DEPARTMENT OF CHEMISTRY , VEER NARMAD SOUTH GUJARAT UNIVERSITY, SURAT. Dr. RAKESH SHARMA Spectroscopy Infrared Spectra

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HISTORY OF IR Sir William Herschel

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Spectroscopy is the branch of science dealing with the study of interaction of electromagnetic radiation with matter The most important consequence of such interaction is that energy is absorbed or emitted by the matter in discrete amount called quanta

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Electromagnetic Radiation • Electromagnetic radiation : light and other forms of radiant energy • Wavelength (λ): the distance between consecutive peaks on a wave. • Frequency (ν): the number of full cycles of a wave that passing through a fixed point in a second. • Wave number: The number of waves per centimeter.

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low high Frequency ( n ) Energy X-RAY ULTRAVIOLET INFRARED MICRO- WAVE RADIO FREQUENCY Ultraviolet Visible Vibrational infrared Nuclear magnetic resonance 200 nm 400 nm 800 nm 2.5 m m 15 m m 1 m 5 m short long Wavelength ( l ) high low THE ELECTROMAGNETIC SPECTRUM BLUE RED

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Infra means beyond and infrared i.e. beyond red region

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REGION WAVE LENGTH λ (μm) WAVE NUMBER υ (cm -1 ) FREQUENCY RANGE Hz NEAR 0.78 - 2.5 12800 - 4000 3.8x10 14 -1.2x10 14 MIDDLE 2.5 - 50 4000 - 200 1.2x10 14 - 6x1 12 FAR 50 - 1000 200 -10 6x10 12 - 30x10 11 MOST USED 2.5 - 15 4000 - 670 1.2x10 14 -2x10 13 IR-REGION: 12,800 - 10 cm -1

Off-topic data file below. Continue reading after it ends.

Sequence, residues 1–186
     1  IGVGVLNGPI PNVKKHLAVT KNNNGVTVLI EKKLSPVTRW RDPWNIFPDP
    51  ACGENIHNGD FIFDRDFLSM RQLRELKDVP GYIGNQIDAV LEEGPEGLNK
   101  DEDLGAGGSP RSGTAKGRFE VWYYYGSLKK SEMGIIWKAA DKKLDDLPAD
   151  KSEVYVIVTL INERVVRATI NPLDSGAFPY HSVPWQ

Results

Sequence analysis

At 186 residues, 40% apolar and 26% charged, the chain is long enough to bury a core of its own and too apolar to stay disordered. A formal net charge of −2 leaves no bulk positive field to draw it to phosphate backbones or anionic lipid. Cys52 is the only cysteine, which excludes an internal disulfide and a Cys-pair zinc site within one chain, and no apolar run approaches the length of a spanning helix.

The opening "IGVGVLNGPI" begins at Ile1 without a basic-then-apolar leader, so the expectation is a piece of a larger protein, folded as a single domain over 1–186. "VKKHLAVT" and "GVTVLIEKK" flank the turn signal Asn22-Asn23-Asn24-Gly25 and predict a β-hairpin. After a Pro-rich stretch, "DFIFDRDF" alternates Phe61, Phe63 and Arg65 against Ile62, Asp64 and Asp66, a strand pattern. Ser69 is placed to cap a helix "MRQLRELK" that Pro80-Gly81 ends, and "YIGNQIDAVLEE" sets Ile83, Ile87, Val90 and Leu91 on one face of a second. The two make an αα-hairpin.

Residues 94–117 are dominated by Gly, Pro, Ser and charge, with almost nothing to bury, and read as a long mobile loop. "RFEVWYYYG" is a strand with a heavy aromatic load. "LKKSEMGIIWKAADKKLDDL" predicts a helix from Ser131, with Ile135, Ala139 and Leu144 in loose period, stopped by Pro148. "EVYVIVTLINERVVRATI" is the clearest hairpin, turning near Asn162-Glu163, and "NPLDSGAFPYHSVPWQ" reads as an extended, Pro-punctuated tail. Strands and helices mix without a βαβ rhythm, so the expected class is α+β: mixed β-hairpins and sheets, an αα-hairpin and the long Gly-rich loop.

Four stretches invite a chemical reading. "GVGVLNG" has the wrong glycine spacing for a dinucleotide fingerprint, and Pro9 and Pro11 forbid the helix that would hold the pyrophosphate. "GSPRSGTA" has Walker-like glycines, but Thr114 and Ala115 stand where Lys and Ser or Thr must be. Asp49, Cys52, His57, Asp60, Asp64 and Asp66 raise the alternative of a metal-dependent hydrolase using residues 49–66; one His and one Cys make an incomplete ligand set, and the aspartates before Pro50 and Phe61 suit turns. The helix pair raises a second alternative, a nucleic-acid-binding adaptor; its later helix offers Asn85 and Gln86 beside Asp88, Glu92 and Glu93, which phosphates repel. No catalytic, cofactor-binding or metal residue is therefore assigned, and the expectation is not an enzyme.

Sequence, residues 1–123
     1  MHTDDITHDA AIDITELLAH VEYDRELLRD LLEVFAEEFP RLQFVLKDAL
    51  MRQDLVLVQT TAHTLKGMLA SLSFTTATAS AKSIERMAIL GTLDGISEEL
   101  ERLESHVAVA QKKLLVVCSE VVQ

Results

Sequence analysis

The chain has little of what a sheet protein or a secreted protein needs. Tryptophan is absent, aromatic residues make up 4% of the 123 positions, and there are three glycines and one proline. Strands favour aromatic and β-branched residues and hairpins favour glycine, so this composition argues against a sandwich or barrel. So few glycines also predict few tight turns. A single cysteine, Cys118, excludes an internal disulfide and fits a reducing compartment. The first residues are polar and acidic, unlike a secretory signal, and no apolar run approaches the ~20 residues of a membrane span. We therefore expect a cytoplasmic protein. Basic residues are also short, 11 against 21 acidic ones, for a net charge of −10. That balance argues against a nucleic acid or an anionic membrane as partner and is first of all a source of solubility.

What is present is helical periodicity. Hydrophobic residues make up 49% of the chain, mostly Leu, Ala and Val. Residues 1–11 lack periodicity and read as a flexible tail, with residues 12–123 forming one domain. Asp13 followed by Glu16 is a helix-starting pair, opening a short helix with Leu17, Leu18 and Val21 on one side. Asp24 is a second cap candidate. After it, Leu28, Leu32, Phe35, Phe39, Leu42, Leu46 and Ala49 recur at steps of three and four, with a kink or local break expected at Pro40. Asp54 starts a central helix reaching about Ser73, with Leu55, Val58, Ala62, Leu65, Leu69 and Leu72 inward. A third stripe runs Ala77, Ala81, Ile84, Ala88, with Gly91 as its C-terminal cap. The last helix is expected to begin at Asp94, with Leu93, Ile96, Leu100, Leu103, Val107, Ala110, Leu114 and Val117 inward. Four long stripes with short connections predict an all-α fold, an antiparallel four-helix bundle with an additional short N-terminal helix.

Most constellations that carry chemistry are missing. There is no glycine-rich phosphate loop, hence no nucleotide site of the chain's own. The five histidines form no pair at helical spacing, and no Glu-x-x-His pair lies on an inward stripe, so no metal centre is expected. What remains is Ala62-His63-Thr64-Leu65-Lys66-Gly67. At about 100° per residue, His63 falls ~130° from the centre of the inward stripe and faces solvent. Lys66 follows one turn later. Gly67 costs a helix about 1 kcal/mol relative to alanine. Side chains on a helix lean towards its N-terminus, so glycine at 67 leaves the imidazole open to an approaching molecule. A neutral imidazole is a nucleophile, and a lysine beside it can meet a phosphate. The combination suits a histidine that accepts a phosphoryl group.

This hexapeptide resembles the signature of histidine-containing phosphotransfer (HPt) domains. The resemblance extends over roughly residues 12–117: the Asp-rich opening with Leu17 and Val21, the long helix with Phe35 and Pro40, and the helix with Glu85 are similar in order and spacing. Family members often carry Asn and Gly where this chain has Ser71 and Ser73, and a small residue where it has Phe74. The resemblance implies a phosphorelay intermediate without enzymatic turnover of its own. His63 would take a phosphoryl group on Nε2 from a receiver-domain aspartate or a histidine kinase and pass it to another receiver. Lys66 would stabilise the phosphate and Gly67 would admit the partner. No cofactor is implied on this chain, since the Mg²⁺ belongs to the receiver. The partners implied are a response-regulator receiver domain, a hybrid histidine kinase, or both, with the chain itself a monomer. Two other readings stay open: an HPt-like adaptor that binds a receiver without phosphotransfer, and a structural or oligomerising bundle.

Use of Wave number than wavelength offer several advantages Wave number are directly proportional to frequency and are expressed in much more convenient numbers (in this region of the spectrum), 5000-500 cm -1 Because the wave number is directly proportional to frequency and energy, the use of wave numbers allows spectra to be displayed linear in energy , which is a distinct aid in sorting out related vibrational transitions

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n = 1 2 p c K m n : Frequency in cm -1 c : Velocity of light => 3 * 10 10 cm/s K : Force constant => dynes /cm m : masses of atoms in grams m = m 1 m 2 m 1 + m 2 = M 1 M 2 M 1 + M 2 (6.02 * 10 23 ) If we wish to express the radiation in wave number

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From above eq. IR measurements permits the evaluation of force constant for various types of chemical bond But generally above eq. can be used to estimate the wave number of the fundamental absorption peak, or the absorption peak due to the transition from the ground state to first excited state for a variety of bond types Now we calculate the approximate wave number and WL of the fundamental absorption peak due to the stretching vibration

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= 1 2 p c n K m larger K, higher frequency larger atom masses, lower frequency constants 2150 1650 1200 C=C > C=C > C-C = C-H > C-C > C-O > C-Cl > C-Br 3000 1200 1100 750 650 increasing K increasing m

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Calculating stretching frequencies Hooke’s law : n = 1 2 p c K m n : Frequency in cm -1 c : Velocity of light => 3 * 10 10 cm/s K : Force constant => dynes /cm m : masses of atoms in grams m = m 1 m 2 m 1 + m 2 = M 1 M 2 M 1 + M 2 (6.02 * 10 23 ) n = 4.12 K m C —C K = 5* 10 5 dynes/cm C =C K = 10* 10 5 dynes/cm C C K = 15* 10 5 dynes/cm